Second, she recommends making the most of the grace period you have between when you graduate and when you have to start making loan payments, which is typically six months for federal loans. "Use that time to your advantage and make as much progress as you can by paying them down," Hansen says.
To kick your loan-payment inspo into high gear, Hansen says to buckle down and focus on paying down the smallest loan first. This is known as the snowball approach. The idea is that as you start to eliminate the smallest loans first (and fast), you'll be more motivated by seeing the progress you're making, and continue focusing on the larger loans, paying off one at a time until they're all gone.
Knowing just how the math adds up can serve as a great motivator to prioritize paying down your loans quickly. Student Loan Hero has some handy calculators to show things like how much you'll save over time and how much faster you'll pay off your loans if you increase your monthly payments, or what impact it'll have if you can reduce your interest rate.
Of course, it's helpful if your debt is small to begin with. One big way to avoid the massive debt crush is simply to avoid taking out as much in loans in the first place. If you haven't already committed to loans, Hansen advises taking your time to save up money before starting and working while in school. (And of course, apply for those scholarships.) This might take the form of doing work-study, and/or taking fewer units to maximize the time you can work an outside job while in school, though the trade-off is that you don't graduate as quickly. Still, that might not be a bad thing at the end of the day.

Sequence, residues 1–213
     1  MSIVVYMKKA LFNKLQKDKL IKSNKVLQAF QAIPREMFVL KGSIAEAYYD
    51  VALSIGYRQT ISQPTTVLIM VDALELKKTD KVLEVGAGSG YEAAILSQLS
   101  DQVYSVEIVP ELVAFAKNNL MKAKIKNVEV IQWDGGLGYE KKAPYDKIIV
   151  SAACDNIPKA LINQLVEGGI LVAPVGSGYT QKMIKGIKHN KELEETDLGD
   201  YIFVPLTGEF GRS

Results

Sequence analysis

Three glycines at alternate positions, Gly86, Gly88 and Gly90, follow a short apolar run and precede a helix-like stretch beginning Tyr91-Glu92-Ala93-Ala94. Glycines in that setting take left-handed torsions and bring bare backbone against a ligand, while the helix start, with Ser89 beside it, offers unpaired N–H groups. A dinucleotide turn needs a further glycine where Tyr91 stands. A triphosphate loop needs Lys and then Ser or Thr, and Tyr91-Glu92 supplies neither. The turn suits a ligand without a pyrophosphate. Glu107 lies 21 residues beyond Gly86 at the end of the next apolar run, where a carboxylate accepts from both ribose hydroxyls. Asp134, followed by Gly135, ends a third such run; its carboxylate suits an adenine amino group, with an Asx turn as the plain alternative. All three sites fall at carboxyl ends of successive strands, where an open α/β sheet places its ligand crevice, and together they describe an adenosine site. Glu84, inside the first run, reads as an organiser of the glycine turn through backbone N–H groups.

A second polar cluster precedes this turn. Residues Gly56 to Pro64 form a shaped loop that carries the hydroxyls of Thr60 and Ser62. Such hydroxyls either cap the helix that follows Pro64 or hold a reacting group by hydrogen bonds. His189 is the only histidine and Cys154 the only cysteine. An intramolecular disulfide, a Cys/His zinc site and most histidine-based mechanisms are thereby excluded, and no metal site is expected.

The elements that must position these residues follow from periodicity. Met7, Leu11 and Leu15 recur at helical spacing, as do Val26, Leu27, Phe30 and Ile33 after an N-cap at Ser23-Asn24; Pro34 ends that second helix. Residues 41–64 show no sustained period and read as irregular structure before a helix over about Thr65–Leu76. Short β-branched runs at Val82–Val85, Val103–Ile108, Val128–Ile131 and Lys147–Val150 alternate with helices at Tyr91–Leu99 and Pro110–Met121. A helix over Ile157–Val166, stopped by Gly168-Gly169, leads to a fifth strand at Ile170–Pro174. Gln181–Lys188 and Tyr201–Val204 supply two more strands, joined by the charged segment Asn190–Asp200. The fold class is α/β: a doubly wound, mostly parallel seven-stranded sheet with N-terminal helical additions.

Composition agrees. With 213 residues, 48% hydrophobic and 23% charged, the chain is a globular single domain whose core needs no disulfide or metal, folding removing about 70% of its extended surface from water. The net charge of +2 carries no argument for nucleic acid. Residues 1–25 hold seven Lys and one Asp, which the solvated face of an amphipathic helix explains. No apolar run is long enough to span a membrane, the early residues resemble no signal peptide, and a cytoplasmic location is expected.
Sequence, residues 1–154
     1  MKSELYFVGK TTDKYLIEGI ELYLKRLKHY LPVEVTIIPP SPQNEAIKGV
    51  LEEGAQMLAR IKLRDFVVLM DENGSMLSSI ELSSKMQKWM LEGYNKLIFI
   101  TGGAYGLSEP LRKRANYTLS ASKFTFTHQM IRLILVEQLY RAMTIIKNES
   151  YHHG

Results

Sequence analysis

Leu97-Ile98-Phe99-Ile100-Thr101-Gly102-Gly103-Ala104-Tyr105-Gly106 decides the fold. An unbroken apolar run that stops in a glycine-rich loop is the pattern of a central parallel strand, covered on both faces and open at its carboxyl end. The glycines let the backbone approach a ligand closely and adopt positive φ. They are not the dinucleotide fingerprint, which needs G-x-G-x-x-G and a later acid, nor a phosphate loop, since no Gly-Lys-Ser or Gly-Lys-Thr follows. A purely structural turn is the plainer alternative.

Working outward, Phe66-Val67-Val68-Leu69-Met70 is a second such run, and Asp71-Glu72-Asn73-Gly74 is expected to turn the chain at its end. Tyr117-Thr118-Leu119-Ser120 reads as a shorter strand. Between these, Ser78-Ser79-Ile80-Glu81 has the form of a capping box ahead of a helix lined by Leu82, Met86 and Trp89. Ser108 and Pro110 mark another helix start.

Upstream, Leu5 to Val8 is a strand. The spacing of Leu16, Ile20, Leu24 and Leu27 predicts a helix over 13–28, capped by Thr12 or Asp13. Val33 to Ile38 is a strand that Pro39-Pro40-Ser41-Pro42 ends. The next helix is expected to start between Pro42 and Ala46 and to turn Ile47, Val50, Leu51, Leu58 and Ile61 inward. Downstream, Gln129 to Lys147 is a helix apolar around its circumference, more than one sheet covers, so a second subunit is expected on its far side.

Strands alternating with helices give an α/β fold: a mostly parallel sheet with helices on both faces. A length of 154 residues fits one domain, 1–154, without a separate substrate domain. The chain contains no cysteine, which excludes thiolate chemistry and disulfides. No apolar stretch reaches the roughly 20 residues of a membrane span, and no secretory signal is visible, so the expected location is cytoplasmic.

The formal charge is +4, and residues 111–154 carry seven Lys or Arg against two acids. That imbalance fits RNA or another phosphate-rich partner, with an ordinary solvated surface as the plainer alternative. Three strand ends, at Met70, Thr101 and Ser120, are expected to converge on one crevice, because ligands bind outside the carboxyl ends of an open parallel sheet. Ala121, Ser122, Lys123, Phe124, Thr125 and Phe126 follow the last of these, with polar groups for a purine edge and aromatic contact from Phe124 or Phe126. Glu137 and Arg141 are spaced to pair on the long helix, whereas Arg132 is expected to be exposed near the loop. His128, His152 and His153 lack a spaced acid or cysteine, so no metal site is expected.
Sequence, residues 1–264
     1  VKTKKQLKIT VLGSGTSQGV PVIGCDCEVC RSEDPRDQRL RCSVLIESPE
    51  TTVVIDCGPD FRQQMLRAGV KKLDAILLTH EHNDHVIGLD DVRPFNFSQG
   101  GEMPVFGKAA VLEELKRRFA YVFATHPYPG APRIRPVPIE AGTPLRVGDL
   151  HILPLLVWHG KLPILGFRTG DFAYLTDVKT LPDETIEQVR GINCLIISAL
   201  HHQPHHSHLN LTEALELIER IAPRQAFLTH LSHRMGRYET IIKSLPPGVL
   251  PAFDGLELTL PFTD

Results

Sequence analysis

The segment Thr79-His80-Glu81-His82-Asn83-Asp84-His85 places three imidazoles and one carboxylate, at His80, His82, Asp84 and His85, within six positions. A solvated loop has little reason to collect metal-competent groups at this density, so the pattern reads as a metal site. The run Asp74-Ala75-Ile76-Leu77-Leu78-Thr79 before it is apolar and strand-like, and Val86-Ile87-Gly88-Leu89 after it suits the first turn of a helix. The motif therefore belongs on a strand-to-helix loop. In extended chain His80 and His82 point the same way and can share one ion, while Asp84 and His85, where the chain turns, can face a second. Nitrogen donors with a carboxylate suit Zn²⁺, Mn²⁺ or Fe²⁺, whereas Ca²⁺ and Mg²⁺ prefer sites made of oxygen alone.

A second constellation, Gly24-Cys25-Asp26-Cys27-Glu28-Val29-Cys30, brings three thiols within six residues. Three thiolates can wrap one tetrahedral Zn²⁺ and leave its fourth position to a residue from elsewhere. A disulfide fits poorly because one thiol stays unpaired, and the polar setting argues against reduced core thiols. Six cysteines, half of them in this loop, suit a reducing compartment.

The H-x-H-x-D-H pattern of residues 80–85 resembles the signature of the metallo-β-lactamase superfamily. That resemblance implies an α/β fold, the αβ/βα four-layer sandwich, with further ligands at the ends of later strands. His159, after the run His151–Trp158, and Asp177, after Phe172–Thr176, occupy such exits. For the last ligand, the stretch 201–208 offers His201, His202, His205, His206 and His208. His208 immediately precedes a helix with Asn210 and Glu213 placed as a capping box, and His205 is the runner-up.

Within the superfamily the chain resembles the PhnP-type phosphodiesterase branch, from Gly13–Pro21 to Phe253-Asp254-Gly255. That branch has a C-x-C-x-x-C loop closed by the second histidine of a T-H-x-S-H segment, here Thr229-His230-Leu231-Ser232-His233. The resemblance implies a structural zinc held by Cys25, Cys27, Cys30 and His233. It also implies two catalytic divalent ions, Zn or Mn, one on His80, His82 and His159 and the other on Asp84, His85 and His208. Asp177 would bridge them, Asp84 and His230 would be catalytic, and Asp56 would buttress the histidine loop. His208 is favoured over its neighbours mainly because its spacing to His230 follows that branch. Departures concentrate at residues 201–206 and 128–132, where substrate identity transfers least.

"If you aren't able to complete your degree in four, five years because you are going part-time in school and working a full-time job to pay for college, good for you! We are all in different places, so never feel bad if you don't fit into societies typical college plans," Hansen says. "The lesson here is to give yourself options instead of just immediately defaulting to student loans to pay for school.
But as most students need some form of loan to cover the high cost of tuition, there are a few things Hansen says every soon-to-be borrower should look out for that are easy to miss. First, be choosy about which type of loan you're getting. Federal loans come with their own list of advantages, including loan forgiveness, lower interest rates, income-based repayment plans, and tax breaks for the interest you pay — none of which you'll get to enjoy if you refinance to a private loan or take out private loans to begin with. Plus, many federal loans don't begin accruing interest until you graduate, whereas private ones may start the moment you take the loan. So, federal loans are often more beneficial overall.
Mindset is everything, Hansen says. "If you don't believe you can pay off debt or deserve a better financial life, you won't get those results." She suggests reading and listening to financial podcasts for guidance ,and to hear from similar folks who were successfully able to pay off their loans as motivation.
"The more you can find reasons to believe it's possible for anyone, the more likely you will hit your financial goals," Hansen adds. "But it all starts with your personal beliefs and mindset on if you can do it."
If getting a handle on your loans is on your list for 2019, at least you have some ideas and inspiration on where to get started.